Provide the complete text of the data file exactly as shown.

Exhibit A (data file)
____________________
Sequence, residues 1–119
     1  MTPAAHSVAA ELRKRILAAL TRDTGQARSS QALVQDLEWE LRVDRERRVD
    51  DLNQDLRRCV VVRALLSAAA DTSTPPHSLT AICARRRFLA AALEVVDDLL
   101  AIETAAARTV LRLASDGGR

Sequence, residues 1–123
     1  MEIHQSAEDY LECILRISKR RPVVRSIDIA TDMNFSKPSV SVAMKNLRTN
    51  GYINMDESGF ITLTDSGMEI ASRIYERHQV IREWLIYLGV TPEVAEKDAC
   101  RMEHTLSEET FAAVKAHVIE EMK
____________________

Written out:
Sequence, residues 1–119
     1  MTPAAHSVAA ELRKRILAAL TRDTGQARSS QALVQDLEWE LRVDRERRVD
    51  DLNQDLRRCV VVRALLSAAA DTSTPPHSLT AICARRRFLA AALEVVDDLL
   101  AIETAAARTV LRLASDGGR

Sequence, residues 1–123
     1  MEIHQSAEDY LECILRISKR RPVVRSIDIA TDMNFSKPSV SVAMKNLRTN
    51  GYINMDESGF ITLTDSGMEI ASRIYERHQV IREWLIYLGV TPEVAEKDAC
   101  RMEHTLSEET FAAVKAHVIE EMK